Myths and misinformation

I started Lab Muffin Beauty Science in 2011 because I was frustrated at the lack of accessible information on how beauty products worked, and the sheer volume of unrefuted misinformation online. Despite being a chemistry PhD student at the time, it was still incredibly challenging to unravel the science, so I wanted to make this information easily available to anyone interested. And clearly, many people were – my blog expanded onto Instagram, and then a YouTube channel as well.

But despite talking about beauty science for over a decade, there’s no end of myths to debunk, and concepts to decipher. The beauty industry has traditionally been hesitant to reveal the scientific intricacies behind their products, leaving a vacuum for misinformation to grow. Many companies also profit from selling false hope and encouraging convenient misconceptions.

This book answers many of the questions I’ve been asked over the years, in a detailed but digestible way. It explains the science behind skincare, haircare, makeup, and nails, as well as beauty products themselves. I hope you’ll find it fascinating, and empowering – it’ll equip you with the knowledge to sort out fact from fiction when it comes to marketing claims, and work out which products will actually deliver the results you want.

The Science of Beauty Michelle Wong

Accessible, illustrated beauty and skincare expertise from Instagram's cosmetic chemist Dr Michelle Wong a.k.a Lab Muffin Beauty Science

Buy now
Buy now

More extracts

See all
Skin Deep

‘Hello, Vogue! ¡Buenos días! This is Congresswoman Alexandria Ocasio-Cortez and I am here to walk you through my skincare and red lip routine.’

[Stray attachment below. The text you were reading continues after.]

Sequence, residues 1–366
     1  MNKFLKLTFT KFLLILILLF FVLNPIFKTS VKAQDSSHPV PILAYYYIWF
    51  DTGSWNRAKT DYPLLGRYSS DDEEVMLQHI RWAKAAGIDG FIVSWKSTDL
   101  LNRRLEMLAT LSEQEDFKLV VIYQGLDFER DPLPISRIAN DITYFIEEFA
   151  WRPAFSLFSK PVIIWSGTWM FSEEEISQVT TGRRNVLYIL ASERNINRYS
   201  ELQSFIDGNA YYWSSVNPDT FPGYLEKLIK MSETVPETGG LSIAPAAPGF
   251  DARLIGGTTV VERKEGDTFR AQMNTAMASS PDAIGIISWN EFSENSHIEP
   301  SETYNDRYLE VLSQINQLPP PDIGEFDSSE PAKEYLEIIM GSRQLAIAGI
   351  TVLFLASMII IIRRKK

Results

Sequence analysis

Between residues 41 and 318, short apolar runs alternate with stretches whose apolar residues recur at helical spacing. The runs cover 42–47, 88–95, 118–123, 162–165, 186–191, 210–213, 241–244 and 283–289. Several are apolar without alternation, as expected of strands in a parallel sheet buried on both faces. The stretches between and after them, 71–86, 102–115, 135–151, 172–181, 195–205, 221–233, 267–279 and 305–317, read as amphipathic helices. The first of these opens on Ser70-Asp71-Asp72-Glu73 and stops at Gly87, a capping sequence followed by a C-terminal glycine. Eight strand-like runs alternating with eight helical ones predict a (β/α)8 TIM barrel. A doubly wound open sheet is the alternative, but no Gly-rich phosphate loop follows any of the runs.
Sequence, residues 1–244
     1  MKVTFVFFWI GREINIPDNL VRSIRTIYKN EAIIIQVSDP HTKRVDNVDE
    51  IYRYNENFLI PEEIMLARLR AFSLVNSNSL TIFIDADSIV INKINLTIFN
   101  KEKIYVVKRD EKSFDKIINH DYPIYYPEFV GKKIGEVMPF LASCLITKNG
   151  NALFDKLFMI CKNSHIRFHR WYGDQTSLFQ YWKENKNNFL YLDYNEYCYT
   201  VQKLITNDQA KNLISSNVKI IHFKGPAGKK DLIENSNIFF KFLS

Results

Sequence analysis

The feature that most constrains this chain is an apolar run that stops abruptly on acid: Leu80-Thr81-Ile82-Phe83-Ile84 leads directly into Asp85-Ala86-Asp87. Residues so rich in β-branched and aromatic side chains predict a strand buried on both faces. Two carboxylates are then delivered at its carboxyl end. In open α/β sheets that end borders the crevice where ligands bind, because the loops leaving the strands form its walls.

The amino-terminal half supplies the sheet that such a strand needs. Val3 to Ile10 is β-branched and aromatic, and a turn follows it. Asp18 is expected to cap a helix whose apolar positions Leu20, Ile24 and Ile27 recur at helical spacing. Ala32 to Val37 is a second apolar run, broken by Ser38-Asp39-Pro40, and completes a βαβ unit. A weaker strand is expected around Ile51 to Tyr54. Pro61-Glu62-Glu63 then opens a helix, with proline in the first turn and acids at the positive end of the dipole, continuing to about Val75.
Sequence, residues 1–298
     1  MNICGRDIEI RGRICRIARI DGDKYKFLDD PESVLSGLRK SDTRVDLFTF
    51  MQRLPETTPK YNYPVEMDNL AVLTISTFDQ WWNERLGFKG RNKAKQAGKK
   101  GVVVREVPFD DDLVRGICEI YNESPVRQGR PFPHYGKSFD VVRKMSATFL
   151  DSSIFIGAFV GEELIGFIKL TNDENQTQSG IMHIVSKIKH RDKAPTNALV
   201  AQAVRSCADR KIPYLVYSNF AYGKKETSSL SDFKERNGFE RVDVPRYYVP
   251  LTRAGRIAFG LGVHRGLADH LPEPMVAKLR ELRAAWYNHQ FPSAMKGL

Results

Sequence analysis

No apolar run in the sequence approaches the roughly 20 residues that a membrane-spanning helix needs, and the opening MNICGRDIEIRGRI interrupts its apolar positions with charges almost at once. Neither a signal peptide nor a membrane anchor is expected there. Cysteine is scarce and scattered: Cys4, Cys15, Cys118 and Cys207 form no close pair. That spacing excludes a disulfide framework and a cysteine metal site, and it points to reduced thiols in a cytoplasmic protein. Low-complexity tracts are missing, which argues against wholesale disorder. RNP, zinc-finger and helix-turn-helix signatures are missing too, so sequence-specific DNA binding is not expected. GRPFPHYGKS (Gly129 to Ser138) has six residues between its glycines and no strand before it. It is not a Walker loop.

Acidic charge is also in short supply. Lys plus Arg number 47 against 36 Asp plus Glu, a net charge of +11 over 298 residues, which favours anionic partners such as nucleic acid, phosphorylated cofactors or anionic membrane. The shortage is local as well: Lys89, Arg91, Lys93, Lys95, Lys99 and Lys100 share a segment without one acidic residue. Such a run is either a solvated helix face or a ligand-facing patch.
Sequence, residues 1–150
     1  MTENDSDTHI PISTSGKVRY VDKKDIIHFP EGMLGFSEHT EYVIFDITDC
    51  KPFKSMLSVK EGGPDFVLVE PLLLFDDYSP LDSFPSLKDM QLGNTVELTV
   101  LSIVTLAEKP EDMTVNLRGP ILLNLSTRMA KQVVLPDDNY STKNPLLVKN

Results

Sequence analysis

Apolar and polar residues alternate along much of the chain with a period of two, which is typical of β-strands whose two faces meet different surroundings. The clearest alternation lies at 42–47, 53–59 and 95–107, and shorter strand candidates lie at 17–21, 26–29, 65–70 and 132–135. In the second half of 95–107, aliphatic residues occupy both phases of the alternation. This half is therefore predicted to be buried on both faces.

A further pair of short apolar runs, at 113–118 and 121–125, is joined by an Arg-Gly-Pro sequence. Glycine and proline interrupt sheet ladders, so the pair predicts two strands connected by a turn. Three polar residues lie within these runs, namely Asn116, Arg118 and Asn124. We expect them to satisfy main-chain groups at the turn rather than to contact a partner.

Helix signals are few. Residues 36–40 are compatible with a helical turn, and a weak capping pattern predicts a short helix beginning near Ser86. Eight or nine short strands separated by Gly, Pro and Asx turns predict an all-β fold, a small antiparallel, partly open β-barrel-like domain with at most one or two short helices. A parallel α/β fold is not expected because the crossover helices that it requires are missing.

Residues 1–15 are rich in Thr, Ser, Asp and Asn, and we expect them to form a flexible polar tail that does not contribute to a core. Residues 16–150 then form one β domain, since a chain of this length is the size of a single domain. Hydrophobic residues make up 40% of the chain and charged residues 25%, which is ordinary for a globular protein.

Don’t Worry

Reduce, let go, leave behind

Why you should give a f*ck about farming

If you had told me thirty years ago that I would be moved to write a book in my fifty-fifth year about farming, I would have said you were barking mad.

Everything is Figureoutable

My mother has the tenacity of a bulldog, looks like June Cleaver, and curses like a truck driver.

From the Corner of the Oval Office

On a night like this, I wait for the voice of god.

A World Without Email

In late 2010, Nish Acharya arrived in Washington, DC, ready to work. President Barack Obama had appointed Acharya to be his director of innovation and entrepreneurship

Alan Joyce and Qantas

Most Australians, if asked to name the CEOs of two Australian companies, would probably fall short by one – but the one they would know is the CEO of Qantas.

Not Now, Not Ever

Misogyny remains pervasive and deep-seated. It is not just going to disappear like morning dew because we are shining a light on it.


Business. Read the textbooks and you’re in no doubt that it’s a sensible career of deep dullness.

Think Again

After a bumpy flight, fifteen men dropped from the Montana sky.

Riding With Giants

Our destination was four kilometres from the village of Hommes, 210 kilometres south-west of Paris, and half a planet away from Sydney, Australia.

On Fire

Young people around the world are cracking open the heart of the climate crisis, speaking of a deep longing for a future they thought they had but that is disappearing with each day that adults fail to act on the reality that we are in an emergency.